This story first appeared on the Jersey Devil Press’s Brilliant Disguise blog. Copyright is held by the author.
WE ROLLED into town on a diamond-bright Thursday night. Now the Sunday sun was exploding over the Chiricahua Mountains in an end-of-the-world crash that churned the clouds in the Tucson sky. The carnies put out their smokes, tipped back their Buds to swallow the last drops, and wiped sweat off their heads. The straw boss shouted at us, “Off your ass and on your feet! The marks are coming.”
I saw rubes already parking their Dodges and unlocking the baby strollers in the parking lot. Moms looked dewy-faced and the Jakes tossed their shoulders back, ready to claim the prize. The skinny girls and daredevil boys were waltzing into the Midway looking to dance with the devil.
Tomorrow was the carnival’s last show, end of the run before the magic disappeared and the tumbleweed reclaimed the sandlot. We were striking the tents and moving on at midnight. Then we’d be as invisible as the spirit of Jesus on Monday morning.
Old Billy hobbled over, trouble in his rheumy eyes. Sickness and mortality can gimp around on two legs and earn a day’s wages, but the string eventually runs out.
Billy planted his boots in the sand, worked his gums and said, “Hoss, this is as far as I go.” The clowns didn’t drop their smiles as they rollicked toward the ring in the Big Top, the babes waited statue-like on the backs of the Percherons. I could hear the Fat Lady singing her last song for Billy.
Thirty or more seasons had come and gone for Billy in a succession of tent-pole forests and black-smoking trains whistling off into the darkness. Billy was the legend of the kid who ran away to the circus and never looked back. Maybe that was me too. From Topeka to Wichita, Albuquerque to Mesa, Billy had provided the voodoo that a generation of carnies believed in. And, shit, if I didn’t believe in Billy, what was left? Not the mess I left behind. Not Ma’s shack in the hollow, not the hardscrabble life in the Appalachians that wore folks down early.
After three years, my family was the carnival and Billy could’ve been my grandpa. Like any pack of kinfolk, circus life grew and shrank and warped here and there. Samantha the snake handler bore twins, two Little People got married, the knife-thrower from Slovakia fell under the wheels of a train one night when he got drunk. And through three seasons we went from fairground to field with our “Howdy-do, we’re here again, then we’re gone until next year.”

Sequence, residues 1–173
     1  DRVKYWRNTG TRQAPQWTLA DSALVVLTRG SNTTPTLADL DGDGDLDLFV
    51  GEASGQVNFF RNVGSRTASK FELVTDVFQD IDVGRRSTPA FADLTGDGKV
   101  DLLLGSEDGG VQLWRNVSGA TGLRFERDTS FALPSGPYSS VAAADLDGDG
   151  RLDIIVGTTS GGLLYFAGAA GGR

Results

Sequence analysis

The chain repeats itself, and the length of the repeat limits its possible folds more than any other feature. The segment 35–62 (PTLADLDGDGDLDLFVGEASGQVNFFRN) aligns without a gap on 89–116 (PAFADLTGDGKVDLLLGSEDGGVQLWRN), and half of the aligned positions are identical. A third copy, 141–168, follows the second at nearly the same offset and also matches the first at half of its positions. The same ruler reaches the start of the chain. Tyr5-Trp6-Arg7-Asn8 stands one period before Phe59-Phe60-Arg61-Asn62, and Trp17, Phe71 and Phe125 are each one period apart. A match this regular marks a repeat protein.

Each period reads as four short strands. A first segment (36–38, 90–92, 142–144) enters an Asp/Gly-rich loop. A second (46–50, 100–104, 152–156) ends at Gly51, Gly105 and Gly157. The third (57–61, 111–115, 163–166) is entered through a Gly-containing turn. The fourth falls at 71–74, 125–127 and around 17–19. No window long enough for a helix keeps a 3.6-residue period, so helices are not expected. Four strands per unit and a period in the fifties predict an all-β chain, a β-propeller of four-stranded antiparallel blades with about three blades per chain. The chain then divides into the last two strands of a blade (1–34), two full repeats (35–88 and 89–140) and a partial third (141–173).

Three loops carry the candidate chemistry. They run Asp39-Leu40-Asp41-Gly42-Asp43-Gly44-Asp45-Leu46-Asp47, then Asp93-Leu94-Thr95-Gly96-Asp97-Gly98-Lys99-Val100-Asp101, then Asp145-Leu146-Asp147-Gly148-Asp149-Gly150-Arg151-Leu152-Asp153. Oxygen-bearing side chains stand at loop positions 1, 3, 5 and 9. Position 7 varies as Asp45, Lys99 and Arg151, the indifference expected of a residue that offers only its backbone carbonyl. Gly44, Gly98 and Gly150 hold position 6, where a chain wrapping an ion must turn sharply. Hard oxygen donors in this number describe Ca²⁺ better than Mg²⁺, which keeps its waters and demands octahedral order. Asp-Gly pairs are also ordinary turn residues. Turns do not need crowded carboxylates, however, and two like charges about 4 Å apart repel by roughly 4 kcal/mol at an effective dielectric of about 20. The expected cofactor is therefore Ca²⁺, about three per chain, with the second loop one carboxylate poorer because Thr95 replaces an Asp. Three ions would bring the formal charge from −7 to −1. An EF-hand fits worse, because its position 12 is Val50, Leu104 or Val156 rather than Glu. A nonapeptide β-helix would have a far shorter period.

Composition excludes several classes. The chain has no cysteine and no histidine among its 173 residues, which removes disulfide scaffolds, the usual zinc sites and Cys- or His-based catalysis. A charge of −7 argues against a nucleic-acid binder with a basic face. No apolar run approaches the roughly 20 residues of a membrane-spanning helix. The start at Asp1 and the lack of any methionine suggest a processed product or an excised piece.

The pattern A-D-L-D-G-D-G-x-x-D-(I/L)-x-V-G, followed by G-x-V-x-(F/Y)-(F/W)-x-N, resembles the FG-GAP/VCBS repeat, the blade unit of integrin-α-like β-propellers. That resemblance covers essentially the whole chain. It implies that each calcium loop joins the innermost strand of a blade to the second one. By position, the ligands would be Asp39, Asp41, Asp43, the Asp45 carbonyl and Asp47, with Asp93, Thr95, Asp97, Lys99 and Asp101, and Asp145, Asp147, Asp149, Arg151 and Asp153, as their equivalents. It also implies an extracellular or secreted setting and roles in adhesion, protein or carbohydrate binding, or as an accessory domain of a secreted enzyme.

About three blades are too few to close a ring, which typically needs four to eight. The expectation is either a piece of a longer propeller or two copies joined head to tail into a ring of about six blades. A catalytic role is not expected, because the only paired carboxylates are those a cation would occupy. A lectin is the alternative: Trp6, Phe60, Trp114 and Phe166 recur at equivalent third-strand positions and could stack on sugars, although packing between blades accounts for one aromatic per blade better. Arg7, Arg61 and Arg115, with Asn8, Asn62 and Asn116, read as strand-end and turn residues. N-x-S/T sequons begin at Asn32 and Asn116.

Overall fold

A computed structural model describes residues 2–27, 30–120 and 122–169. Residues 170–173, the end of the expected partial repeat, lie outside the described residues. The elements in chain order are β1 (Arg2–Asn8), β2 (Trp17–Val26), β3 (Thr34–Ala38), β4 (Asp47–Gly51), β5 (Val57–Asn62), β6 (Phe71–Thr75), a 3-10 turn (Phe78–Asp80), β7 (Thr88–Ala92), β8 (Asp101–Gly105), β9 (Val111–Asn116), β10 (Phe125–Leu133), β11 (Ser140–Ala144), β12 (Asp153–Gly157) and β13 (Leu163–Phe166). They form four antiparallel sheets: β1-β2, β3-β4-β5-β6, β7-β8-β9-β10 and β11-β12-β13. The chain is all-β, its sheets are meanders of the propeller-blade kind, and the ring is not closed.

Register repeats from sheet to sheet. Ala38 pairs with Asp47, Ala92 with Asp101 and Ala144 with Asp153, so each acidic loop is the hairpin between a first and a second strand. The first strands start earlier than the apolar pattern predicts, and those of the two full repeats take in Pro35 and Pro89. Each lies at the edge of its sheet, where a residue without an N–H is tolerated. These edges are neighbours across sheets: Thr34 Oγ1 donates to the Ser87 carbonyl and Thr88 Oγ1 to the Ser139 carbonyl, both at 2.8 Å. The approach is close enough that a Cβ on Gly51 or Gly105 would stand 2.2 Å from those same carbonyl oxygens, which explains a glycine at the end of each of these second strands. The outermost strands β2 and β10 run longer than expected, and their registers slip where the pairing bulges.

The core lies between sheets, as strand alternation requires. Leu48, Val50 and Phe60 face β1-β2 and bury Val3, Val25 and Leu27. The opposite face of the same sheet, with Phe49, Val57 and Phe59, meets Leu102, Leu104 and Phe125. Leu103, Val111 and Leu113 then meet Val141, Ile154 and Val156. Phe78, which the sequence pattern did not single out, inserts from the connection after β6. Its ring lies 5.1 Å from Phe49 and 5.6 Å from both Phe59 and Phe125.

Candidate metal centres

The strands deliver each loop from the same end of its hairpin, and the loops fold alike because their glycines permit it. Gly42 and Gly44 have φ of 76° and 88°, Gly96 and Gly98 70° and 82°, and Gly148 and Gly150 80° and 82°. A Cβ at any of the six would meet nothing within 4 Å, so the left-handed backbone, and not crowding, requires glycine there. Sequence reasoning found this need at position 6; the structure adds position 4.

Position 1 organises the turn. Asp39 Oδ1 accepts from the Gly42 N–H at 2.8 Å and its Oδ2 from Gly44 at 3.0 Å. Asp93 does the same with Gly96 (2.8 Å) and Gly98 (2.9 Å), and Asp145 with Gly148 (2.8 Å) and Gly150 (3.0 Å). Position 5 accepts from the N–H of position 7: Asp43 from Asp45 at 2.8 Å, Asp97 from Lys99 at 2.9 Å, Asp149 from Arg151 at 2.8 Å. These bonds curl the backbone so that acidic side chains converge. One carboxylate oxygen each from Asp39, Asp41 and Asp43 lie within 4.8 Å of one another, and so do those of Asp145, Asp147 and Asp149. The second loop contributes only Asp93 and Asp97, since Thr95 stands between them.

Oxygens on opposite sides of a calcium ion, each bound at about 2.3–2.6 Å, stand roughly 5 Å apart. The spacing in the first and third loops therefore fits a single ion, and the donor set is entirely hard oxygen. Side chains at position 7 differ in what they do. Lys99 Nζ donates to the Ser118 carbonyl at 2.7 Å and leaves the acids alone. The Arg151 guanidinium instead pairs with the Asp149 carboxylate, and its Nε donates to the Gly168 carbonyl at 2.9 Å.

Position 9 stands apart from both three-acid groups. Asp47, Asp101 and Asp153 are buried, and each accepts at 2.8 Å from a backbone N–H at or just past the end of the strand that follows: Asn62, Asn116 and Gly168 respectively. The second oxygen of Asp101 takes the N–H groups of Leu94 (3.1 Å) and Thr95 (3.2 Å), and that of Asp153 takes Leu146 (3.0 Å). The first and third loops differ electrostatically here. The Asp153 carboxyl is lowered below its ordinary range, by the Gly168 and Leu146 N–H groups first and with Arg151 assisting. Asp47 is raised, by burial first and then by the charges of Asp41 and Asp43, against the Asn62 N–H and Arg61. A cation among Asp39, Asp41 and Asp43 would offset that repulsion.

Now I had to squint hard and wonder, Is this all there is?
No encores and bows for Billy tonight, not with his lungs shot. Like an old dog or Indian squaw, he knew when his time was up. The carnie boss knew it too, doing his businesslike thing and firing Billy that afternoon. Nothing personal.
“Goodbye, kid,” Billy said, shaking my hand. “The train’s leavin’ without me. Doc said I got it bad. It’s time to cash in my chits.” He wiped away a spot of blood, smiling through a mouth with broken teeth in a face that needed ironing by God. “Kiss the sideshow ladies goodnight for me.”
He turned and stared with squinty eyeballs. “Get out now, kid. Don’t wait for the right cards to turn up. I waited, and I lost the bet.”
Then he shambled off into the darkness, hiding his mortality like the secret silver dollar he’d tucked in his boot. I waved my fingertips, saying, “So long, Billy.” And, quietly, “Give my regards to Saint Peter.”
Standing alone in the weeds whipped by the desert wind, I heard the yokels hooting inside the Big Top. Poor Billy wouldn’t see Myrna dancing on the high wire anymore or Lorenzo facing the lions. The clown car would have one passenger when Billy checked into the big Midway in the sky. Time I was moving on, too. Maybe back to the green hills of West Virginia to see if anything had changed.
The stars sparking in the east like broken cigarette lighters would dance the fandango over Billy’s bones as the carnival music ended. And I had to ask myself again, Is this all there is, or can there still be more?
Time to find my rucksack, pick up my pay and hit the road.